Predictive Maintenance – Predictive maintenance involves monitoring compressor conditions and trends , including operating parameters such as power use, pressure drops, operating temperatures, and vibration levels. The Right combination of preventive and predictive maintenance generally will minimize repair and maintenance costs.
Proactive Maintenance – If a defect is detected, proactive maintenance involves looking for the cause and determining how to prevent a recurrence.
Unfortunately, even the best maintenance procedures cannot eliminate the possibility of an unexpected breakdown. Provisions should be made for standby equipment to allow maintenance with out interrupting production.
If you would like to discuss improving your compressed air efficiency or any of EXAIR’s engineered solutions, I would enjoy hearing from you…give me a call.
In this blog, I would like to turn your attention to our accessories that support our Intelligent Compressed Air® Products; the Filter Separator and the Oil Removing Filter. EXAIR products use compressed air to coat, conserve, cool, convey and clean. So, to keep our products running properly and efficiently, we need to supply them with clean, pressurized air. If we look at the two types of filters that we offer, we can see how they can play an important part in your compressed air system.
Filter separators are used to remove bulk liquid and contamination from the compressed air stream. They have a 5-micron filter and work very well if you get a slug of liquid in your compressed air system. They use mechanical separation to remove the large particles of dirt and water from the air stream.
Most facilities use some type of compressed air dryer in their system to dry and condition the compressed air. But, if a system failure occurs, then water, oil, and dirt can be pushed into the compressed air lines and perhaps into your EXAIR products.
Even if you have good quality air, it is still important to keep your products protected. I would consider the Filter Separator as a minimum level of protection that should be used.
The Oil Removal Filters are used to keep the compressed air even cleaner yet. They work great at removing very small particles of dirt and oil. The 0.03-micron media of the Oil Removal Filter is designed to “coalesce” the fine liquid particles into large droplets.
Thus, allowing gravity to remove it from the compressed air stream. Some common issues allow for dirt and oil particles to collect in “dead” zones within the air lines. As it piles up and grows, portions can break off and get into the air stream affecting pneumatic devices.
The Oil Removal Filter will be able to help eliminate this long-term problem in your compressed air system. As a note, Oil Removal Filters are not great for bulk separation. If you have a system with lots of water, you should use a Filter Separator in front of the Oil Removal Filter to optimize the filtration.
Now that we went through each type, how do we use them together to get the best supply of compressed air? We always want them to be installed upstream of a Regulator. This is because the velocity is lower at higher pressures.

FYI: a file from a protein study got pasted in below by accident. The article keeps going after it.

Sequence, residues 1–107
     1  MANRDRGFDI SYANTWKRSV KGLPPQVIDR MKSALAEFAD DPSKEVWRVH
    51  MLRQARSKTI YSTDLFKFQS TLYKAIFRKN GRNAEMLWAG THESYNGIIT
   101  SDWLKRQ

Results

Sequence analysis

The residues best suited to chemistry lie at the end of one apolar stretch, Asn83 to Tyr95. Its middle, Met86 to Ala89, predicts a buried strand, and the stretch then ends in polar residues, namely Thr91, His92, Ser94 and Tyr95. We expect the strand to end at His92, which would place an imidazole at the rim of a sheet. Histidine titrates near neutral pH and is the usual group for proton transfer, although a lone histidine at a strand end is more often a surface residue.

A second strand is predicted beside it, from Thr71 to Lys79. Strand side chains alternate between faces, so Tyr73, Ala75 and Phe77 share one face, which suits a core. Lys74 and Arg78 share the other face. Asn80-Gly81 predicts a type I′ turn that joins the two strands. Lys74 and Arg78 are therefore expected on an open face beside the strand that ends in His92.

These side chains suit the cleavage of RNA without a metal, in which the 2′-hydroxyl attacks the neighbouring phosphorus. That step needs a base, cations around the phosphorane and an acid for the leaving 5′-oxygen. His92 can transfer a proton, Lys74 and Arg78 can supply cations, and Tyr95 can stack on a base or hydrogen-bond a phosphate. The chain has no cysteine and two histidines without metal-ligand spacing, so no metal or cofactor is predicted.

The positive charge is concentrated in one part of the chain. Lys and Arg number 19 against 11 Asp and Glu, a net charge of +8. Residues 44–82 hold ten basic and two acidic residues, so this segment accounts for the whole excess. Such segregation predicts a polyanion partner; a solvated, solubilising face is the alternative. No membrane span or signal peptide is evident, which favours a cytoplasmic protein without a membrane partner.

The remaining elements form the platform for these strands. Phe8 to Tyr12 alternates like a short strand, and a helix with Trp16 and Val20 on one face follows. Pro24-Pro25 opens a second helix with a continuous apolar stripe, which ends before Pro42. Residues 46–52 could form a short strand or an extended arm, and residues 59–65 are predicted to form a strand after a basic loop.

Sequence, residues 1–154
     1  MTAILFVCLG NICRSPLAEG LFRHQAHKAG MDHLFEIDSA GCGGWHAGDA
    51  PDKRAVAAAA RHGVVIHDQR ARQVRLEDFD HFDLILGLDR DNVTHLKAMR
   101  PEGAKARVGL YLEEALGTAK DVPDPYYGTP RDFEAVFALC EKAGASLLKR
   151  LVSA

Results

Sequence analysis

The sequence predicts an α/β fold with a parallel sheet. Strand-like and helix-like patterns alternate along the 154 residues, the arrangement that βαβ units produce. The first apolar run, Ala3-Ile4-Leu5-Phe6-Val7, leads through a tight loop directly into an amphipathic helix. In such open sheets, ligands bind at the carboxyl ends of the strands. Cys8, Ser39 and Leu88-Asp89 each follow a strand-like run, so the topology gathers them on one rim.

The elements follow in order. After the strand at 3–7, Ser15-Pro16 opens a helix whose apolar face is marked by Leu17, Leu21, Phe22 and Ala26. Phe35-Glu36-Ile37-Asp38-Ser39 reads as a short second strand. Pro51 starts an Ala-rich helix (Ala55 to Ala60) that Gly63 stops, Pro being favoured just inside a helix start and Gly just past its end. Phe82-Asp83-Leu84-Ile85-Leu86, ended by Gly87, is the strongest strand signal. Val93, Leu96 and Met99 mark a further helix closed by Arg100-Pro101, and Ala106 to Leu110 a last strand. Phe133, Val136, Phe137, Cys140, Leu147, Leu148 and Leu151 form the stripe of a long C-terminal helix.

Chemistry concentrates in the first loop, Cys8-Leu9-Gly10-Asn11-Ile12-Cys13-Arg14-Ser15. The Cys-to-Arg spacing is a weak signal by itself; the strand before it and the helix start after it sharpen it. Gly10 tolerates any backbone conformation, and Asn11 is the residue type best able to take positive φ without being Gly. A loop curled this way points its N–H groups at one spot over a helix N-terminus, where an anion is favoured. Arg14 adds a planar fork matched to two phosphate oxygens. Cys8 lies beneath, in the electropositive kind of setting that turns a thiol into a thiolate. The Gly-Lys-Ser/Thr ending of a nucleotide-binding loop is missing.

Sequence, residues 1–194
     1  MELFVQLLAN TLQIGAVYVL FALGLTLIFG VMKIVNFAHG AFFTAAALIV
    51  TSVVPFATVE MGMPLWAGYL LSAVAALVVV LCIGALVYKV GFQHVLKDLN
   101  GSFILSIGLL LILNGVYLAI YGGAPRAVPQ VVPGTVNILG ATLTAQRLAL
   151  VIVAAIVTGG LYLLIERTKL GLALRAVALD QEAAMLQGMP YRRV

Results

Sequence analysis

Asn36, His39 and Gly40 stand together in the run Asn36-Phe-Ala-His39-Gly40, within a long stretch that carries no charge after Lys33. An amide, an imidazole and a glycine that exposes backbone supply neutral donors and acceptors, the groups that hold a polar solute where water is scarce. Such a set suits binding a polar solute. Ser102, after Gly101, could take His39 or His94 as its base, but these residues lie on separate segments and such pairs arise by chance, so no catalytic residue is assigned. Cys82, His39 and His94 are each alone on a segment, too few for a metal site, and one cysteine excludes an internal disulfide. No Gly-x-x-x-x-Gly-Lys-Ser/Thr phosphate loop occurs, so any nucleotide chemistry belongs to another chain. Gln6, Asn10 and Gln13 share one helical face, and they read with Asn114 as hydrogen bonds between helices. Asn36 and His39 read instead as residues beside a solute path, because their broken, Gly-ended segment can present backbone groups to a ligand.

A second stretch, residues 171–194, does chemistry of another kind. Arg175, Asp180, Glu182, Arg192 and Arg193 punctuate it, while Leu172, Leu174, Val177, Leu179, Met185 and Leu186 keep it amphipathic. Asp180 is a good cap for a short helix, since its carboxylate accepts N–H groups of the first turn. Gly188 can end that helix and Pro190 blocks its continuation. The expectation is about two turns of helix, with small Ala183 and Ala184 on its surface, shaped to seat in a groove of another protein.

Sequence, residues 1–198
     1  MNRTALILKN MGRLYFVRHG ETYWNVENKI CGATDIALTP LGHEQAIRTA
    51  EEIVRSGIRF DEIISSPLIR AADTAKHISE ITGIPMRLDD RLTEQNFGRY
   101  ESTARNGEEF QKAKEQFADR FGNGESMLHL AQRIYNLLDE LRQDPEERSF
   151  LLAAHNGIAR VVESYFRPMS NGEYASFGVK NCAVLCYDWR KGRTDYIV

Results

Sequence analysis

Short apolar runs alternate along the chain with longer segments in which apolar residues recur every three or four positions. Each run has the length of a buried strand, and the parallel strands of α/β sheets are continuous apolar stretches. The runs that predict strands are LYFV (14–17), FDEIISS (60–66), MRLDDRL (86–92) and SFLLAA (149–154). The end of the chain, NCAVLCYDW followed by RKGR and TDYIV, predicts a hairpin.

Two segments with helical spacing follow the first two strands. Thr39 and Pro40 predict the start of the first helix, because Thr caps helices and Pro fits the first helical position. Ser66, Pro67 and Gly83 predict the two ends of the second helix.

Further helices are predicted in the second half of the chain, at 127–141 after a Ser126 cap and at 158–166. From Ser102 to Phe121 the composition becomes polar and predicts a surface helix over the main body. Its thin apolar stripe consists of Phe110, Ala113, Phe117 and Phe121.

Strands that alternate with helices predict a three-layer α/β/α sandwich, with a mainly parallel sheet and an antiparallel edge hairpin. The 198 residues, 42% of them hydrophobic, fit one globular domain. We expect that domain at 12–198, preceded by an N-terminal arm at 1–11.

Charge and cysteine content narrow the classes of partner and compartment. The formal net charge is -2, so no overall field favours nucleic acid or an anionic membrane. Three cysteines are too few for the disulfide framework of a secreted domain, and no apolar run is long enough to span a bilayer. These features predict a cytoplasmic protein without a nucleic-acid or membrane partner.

Lower velocities mean lower pressure drops which is great for supplying the proper amount of compressed air to EXAIR products. If you are using a combination of both filters, the Filter Separator will be upstream of the Oil Removal Filter. The Filter Separator will knock down the large particles and liquid slugs allowing the Oil Removal Filter to remove the smaller droplets and particles.
EXAIR offers a range of sizes to help support our products. They range from ¼” NPT ports up to 1 ½” NPT ports. The size of the ports determines the flow rating for each unit. EXAIR also has Mounting Brackets to mount the filters to walls or frames.
To support each type of filter, we have replacement elements and bowl kits. Since the function of the filter is to remove debris, we recommend to change the filter element once a year or when it reaches 10 PSID pressure drop; whichever comes first.
If we can analyze the compressed air systems, I would like to categorize it into a good and premium quality. For the good quality of compressed air, you can have the compressed air run through the Filter Separator. For the premium quality of compressed air, you can have your compressed air run through the Filter Separator and then through the Oil Removal Filter.
With clean quality air, your EXAIR products will provide you with effective, long-lasting performance without maintenance downtime.
Compressed air isn’t called manufacturing’s “Fourth Utility” (the first three being electricity, water, and natural gas) for nothing. Pneumatic tools are popular because they’re often so much lighter than their electric counterparts. Compressed air can be stored in receiver tanks for use when other power supplies are unavailable or not feasible. Many compressed air operated products can be made to withstand environmental factors (high/low temperature, corrosive elements, atmospheric dust, oil, other contaminants, etc.,) that would make electric devices very expensive, unwieldy, or impractical.